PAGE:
Rosuvastatin use improves measures of coagulation in patients with venous thrombosis

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Abstract

Aims

Observational studies indicate that statins reduce the risk of recurrent venous thrombosis (VT). However, trials have not been performed and the mechanism is unknown. We aimed to determine whether statin therapy improves the coagulation profile in patients with prior VT.

Methods and results

Randomized clinical trial (NCT01613794). Patients were randomized to rosuvastatin 20 mg/day for 4 weeks or no intervention. Blood was drawn at baseline and at end of study. The primary outcome was factor (F) VIII:C. In total, five coagulation factors were measured: FVIII:C, von Willebrand factor:Ag, FVII:C, FXI:C, and D-dimer. Among 247 randomized participants, mean age was 58 years, 62% were women and 49% had unprovoked VT. For all tested coagulation factors, mean levels were clearly decreased at end of study in rosuvastatin users, whereas they hardly differed in non-statin users. Results were most consistent for FVIII:C where mean FVIII:C levels were 7.2 IU/dL [95% CI (confidence interval) 2.9-11.5] lower in rosuvastatin users, while among non-users, no change in FVIII:C was observed (mean difference −0.1; 95% CI −3.0 to 2.9). The mean age and sex adjusted difference in FVIII:C change was −6.7 IU/dL (95% CI −12.0 to −1.4) in rosuvastatin users vs. non-users. Subgroup analyses revealed that the decrease in coagulation factors by rosuvastatin was more pronounced in participants with unprovoked VT and in those with cardiovascular risk factors.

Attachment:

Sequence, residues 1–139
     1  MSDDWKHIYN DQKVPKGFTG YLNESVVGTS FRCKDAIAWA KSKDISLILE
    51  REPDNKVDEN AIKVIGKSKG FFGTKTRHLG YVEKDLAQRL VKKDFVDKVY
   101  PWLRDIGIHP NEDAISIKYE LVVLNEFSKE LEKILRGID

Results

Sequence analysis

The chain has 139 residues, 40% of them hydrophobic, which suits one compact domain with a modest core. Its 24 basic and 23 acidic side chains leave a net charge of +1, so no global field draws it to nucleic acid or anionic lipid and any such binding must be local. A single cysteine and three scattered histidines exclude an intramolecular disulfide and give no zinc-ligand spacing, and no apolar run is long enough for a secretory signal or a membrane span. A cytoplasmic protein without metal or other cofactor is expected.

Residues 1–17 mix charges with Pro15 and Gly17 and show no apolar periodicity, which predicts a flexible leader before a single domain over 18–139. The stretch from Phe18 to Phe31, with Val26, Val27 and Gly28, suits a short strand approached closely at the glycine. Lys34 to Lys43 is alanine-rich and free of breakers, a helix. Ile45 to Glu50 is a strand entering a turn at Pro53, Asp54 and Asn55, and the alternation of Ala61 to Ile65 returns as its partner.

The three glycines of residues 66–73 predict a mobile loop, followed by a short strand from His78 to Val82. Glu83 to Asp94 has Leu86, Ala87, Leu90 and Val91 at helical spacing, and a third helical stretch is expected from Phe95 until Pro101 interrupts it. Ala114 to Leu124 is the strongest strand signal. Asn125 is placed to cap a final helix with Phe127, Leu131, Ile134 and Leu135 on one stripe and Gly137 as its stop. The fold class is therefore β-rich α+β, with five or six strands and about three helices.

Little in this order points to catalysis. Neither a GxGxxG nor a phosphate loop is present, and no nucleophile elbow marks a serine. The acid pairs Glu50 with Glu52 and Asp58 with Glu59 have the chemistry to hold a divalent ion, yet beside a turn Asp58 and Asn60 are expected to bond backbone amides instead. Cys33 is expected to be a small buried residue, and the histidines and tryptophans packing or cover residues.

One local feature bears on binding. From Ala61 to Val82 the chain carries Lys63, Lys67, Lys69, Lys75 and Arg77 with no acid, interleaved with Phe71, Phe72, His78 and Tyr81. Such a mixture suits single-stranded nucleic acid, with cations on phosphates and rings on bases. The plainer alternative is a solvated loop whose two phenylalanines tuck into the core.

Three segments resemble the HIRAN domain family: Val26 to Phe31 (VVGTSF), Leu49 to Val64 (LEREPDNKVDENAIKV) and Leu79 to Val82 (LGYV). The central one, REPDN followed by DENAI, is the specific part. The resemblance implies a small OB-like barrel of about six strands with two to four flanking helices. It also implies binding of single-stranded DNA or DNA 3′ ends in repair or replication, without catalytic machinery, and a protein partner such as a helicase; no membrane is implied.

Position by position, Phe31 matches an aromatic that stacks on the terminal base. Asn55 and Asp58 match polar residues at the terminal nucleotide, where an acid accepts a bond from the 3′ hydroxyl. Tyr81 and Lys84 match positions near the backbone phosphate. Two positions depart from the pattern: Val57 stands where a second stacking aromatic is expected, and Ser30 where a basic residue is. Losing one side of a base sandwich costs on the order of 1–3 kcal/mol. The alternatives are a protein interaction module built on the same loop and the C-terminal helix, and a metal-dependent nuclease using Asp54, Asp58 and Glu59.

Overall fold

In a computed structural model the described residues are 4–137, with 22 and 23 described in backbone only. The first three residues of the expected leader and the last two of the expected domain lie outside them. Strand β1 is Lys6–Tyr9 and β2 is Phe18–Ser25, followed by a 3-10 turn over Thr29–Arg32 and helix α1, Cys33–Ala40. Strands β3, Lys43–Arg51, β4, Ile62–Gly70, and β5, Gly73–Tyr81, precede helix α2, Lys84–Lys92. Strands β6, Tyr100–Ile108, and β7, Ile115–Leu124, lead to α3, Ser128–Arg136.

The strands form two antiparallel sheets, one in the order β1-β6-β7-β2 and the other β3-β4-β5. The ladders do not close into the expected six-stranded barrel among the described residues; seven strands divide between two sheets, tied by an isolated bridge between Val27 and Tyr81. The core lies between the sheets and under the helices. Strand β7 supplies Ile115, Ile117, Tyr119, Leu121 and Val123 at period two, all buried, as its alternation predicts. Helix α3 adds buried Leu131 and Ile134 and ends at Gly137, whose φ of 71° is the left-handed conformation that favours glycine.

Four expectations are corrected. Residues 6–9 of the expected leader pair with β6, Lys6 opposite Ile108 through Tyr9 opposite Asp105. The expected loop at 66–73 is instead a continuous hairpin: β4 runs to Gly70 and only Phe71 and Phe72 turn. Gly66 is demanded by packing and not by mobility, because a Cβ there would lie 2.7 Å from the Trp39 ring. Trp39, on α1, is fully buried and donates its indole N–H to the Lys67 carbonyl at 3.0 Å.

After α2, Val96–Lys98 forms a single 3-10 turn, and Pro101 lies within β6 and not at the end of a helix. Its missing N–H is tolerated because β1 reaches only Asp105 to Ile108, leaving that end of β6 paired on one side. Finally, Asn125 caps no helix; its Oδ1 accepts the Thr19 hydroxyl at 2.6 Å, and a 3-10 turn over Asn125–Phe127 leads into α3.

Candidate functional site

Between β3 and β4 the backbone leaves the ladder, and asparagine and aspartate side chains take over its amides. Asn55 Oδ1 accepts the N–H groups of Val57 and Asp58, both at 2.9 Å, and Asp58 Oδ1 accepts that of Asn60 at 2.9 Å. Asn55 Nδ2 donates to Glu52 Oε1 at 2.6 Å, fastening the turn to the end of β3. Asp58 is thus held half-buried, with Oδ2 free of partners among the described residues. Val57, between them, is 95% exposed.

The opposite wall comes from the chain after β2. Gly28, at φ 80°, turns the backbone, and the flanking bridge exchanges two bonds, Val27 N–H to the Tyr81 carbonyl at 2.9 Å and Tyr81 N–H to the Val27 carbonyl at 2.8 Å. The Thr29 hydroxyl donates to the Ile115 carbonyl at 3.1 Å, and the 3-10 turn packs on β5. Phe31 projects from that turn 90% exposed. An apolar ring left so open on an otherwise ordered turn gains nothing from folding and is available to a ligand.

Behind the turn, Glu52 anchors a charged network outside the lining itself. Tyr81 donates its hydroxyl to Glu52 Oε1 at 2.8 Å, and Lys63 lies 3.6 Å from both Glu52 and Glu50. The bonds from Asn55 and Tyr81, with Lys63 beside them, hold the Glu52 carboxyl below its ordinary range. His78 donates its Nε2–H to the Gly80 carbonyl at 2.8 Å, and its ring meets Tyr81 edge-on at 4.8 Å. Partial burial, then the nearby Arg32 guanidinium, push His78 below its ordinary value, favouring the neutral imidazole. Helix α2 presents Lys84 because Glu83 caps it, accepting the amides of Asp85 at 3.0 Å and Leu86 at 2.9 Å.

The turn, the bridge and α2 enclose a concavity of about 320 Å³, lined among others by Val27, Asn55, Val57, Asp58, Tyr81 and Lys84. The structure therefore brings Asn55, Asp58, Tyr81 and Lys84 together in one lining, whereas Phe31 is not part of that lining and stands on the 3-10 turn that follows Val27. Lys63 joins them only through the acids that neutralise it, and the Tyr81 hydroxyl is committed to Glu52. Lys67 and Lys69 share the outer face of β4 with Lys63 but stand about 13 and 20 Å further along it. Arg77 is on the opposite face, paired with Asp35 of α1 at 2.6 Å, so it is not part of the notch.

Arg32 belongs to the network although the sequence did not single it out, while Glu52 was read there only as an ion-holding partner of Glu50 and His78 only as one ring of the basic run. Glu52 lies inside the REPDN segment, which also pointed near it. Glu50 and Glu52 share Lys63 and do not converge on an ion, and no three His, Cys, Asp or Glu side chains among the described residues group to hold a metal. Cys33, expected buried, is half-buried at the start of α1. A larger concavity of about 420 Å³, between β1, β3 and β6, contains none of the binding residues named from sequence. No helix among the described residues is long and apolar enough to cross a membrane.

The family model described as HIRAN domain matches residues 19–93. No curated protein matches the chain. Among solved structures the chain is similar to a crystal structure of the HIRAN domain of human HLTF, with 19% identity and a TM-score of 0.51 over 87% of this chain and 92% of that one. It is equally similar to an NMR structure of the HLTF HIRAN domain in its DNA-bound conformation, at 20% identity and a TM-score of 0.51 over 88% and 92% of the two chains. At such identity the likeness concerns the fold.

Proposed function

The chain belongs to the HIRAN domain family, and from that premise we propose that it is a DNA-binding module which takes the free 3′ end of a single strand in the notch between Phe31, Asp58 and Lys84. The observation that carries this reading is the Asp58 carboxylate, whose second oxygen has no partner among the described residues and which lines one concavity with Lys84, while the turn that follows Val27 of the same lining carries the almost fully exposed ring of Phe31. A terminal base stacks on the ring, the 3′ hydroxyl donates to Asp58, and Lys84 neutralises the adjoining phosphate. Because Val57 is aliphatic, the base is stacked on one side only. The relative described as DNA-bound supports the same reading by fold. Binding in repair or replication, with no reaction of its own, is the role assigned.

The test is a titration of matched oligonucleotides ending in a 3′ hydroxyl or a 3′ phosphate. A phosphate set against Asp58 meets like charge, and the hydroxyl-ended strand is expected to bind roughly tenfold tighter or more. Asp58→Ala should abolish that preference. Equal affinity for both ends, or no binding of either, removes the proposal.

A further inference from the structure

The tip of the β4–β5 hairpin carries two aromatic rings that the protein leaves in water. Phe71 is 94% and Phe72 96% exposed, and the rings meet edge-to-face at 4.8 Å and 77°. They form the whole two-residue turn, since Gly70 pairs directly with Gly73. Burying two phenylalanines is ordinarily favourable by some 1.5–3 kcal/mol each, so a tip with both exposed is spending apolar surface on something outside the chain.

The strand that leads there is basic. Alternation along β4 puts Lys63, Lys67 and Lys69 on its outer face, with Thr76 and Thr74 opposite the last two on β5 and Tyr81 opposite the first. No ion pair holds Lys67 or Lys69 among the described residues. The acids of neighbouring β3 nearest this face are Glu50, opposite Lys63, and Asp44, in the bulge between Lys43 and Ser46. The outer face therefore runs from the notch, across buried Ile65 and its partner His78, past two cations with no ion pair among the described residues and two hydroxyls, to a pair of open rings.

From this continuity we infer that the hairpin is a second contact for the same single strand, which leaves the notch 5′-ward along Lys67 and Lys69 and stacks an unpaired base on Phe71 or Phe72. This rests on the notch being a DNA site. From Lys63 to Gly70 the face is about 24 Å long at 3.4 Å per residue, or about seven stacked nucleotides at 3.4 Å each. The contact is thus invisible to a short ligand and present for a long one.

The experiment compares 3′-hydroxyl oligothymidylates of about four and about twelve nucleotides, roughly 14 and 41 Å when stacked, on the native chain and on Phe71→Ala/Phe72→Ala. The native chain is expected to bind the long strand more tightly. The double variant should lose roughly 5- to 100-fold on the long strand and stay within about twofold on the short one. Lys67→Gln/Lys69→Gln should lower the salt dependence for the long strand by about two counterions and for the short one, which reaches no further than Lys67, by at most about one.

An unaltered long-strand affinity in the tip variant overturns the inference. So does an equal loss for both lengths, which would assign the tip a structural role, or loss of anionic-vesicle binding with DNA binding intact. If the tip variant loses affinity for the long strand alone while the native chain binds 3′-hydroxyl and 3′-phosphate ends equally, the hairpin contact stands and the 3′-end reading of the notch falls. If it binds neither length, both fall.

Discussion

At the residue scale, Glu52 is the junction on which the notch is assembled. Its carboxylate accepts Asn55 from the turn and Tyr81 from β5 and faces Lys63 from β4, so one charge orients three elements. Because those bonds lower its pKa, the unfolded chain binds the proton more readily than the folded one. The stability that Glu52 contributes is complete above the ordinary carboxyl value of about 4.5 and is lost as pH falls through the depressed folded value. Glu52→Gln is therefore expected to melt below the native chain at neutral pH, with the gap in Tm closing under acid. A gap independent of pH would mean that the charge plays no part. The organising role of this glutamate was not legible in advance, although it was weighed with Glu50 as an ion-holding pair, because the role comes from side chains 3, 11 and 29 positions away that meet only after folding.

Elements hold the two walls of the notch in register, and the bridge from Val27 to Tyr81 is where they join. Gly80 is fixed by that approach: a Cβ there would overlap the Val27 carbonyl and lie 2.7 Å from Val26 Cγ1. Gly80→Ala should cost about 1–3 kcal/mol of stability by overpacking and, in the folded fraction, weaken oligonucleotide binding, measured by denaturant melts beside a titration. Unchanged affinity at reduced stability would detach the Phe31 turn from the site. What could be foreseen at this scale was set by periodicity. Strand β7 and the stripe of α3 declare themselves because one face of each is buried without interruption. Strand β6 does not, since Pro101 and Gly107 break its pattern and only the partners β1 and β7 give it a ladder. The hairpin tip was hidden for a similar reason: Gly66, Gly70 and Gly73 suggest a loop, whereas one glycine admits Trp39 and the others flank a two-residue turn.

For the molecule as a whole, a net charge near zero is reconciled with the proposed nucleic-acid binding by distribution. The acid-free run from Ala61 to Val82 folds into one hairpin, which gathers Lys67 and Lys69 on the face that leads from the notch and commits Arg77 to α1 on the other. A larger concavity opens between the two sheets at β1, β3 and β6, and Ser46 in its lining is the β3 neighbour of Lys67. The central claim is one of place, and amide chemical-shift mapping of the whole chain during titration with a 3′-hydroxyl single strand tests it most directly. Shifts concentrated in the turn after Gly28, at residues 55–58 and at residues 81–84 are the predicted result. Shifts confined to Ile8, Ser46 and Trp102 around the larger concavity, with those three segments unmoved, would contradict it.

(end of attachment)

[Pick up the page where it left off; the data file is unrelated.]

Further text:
Conclusion

Rosuvastatin 20 mg/day substantially improved the coagulation profile among patients with prior VT. These results suggest that statin therapy might be beneficial in patients at risk of recurrent VT.

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